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MT2 Stages Of Development

The Evolution of Melanotan

The Development of Melanotan: A Journey from Research to Application

The pursuit of a perfect tan has led to various methods over the years, from sunbathing to tanning salons and self-tanning products. However, these methods often come with risks such as skin damage and cancer from UV exposure. Enter Melanotan, a synthetic peptide developed to offer a safer alternative by stimulating the production of melanin, the pigment responsible for skin colour. This blog delves into the development of Melanotan, from its inception in scientific research to its controversial status in the market today.

The Origins of Melanotan

Early Research and Discovery

The story of Melanotan begins in the 1980s at the University of Arizona, where researchers were exploring ways to reduce skin cancer rates. Dr. Victor Hruby and his team were particularly interested in the hormone alpha-melanocyte-stimulating hormone (╬▒-MSH), which naturally occurs in the body and is responsible for stimulating melanocytes, the cells that produce melanin.

Melanin not only gives skin its color but also provides protection against the harmful effects of ultraviolet (UV) radiation. The idea was that by increasing melanin production, people could achieve a tan without the need for UV exposure, thereby reducing the risk of skin cancer.

Development of Melanotan I and II

The initial compound developed was known as Melanotan I (afamelanotide). This peptide was designed to mimic the effects of ╬▒-MSH and stimulate melanin production. Early studies showed promising results in terms of inducing tanning without sun exposure. However, the research also indicated that the compound had a relatively short half-life in the body, meaning it broke down quickly and required frequent administration.

To address this issue, researchers developed Melanotan II, a more stable and potent variant. Melanotan II not only induced tanning more effectively but also had a longer duration of action. Interestingly, during clinical trials, researchers discovered that Melanotan II had an unexpected side effect: it significantly increased libido. This led to further investigations and the eventual development of bremelanotide, a related compound used to treat sexual dysfunction.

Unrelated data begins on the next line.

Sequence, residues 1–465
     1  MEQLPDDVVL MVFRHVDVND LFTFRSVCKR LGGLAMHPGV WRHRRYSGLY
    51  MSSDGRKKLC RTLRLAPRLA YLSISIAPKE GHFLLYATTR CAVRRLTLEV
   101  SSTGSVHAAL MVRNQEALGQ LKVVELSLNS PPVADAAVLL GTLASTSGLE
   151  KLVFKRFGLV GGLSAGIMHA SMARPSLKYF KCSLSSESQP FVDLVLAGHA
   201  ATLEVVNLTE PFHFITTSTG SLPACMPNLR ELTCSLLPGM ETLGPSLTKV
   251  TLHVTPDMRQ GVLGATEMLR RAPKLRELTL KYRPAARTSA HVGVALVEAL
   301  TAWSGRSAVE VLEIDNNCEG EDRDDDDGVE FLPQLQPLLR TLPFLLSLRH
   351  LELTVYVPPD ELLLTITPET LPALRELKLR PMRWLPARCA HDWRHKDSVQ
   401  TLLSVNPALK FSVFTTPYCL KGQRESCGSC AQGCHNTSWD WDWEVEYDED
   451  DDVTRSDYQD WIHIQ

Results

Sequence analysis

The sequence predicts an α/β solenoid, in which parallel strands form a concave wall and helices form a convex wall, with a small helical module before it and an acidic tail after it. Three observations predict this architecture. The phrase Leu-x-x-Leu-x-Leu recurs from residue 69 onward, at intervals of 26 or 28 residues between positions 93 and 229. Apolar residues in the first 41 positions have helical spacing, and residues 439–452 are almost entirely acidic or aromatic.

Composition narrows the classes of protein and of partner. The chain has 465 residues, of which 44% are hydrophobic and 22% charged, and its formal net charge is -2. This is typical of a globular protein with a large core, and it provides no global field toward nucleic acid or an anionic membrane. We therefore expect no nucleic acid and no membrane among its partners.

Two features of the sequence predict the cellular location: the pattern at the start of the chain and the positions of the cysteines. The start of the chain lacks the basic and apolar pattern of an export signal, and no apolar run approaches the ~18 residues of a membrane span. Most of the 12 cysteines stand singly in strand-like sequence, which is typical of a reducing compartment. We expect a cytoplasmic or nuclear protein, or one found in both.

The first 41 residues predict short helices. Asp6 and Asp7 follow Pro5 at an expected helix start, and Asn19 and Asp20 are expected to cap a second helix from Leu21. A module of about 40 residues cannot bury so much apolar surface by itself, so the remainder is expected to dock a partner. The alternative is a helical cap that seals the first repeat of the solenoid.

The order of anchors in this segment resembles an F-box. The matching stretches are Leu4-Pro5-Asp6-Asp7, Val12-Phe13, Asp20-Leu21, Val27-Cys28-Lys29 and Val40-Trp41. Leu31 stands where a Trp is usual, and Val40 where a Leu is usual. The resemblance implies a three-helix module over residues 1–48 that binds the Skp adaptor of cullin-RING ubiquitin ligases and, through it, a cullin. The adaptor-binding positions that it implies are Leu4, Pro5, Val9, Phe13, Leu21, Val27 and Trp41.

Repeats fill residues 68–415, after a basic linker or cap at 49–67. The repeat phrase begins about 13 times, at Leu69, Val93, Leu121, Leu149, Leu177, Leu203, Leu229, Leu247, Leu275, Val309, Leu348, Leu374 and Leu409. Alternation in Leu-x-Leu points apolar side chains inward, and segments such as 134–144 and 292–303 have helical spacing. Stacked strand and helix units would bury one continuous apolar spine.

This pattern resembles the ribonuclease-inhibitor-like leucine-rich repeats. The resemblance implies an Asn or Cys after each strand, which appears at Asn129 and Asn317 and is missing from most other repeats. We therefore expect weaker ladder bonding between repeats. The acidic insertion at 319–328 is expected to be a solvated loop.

Mechanism of Action

Melanotan works by binding to melanocortin receptors in the body, which are involved in various physiological processes including pigmentation, inflammation, and energy homeostasis. The primary target of Melanotan is the melanocortin 1 receptor (MC1R) found on melanocytes. Activation of MC1R leads to an increase in the production of eumelanin, the dark pigment that provides UV protection.

Melanotan I (Afamelanotide)

Afamelanotide is designed to be administered via subcutaneous implants, providing a controlled release of the peptide over several weeks. This long-acting formulation allows for a sustained increase in melanin production, making it suitable for patients with conditions like erythropoietic protoporphyria (EPP), a rare genetic disorder that causes extreme sensitivity to sunlight.

Melanotan II

Melanotan II is typically administered via injection and has a shorter duration of action compared to afamelanotide. Its ability to induce tanning, increase libido, and reduce appetite has made it popular among bodybuilders and individuals seeking cosmetic tanning. However, the non-medical use of Melanotan II raises significant safety and ethical concerns.

Clinical Development and Applications

Afamelanotide and EPP

The clinical development of afamelanotide focused on its potential to treat EPP. Clinical trials demonstrated that afamelanotide could significantly reduce the pain and phototoxic reactions experienced by EPP patients when exposed to sunlight. In 2014, the European Medicines Agency (EMA) approved afamelanotide (Scenesse) for the treatment of EPP, making it the first melanocortin receptor agonist to receive regulatory approval for a medical condition.

 Potential for Other Conditions

Beyond EPP, researchers have explored the use of afamelanotide and other melanocortin agonists for conditions such as vitiligo, a disorder characterised by loss of skin pigmentation, and polymorphous light eruption (PLE), a form of sun allergy. While the results have been mixed, the potential for melanocortin-based therapies to address a variety of dermatological and systemic conditions remains an area of active investigation.


The development of Melanotan represents a fascinating journey from the laboratory to the market, highlighting both the promise and peril of new medical technologies. While afamelanotide offers significant benefits for patients with specific conditions, the misuse of Melanotan II underscores the need for careful regulation and public education. As we continue to explore the potential of melanocortin-based therapies, it is vital to ensure that these innovations are used safely and ethically, prioritising the well-being of individuals over the pursuit of cosmetic ideals.


MT2 Stages of development

Here’s an illustration highlighting the evolution of Melanotan, from its initial research phase to market release and regulatory response. The graph shows the key stages and impacts associated with its development, along with annotations for each major milestone. This visual aid helps to summarise the journey of Melanotan, emphasising both its medical potential and the challenges it faces in the market





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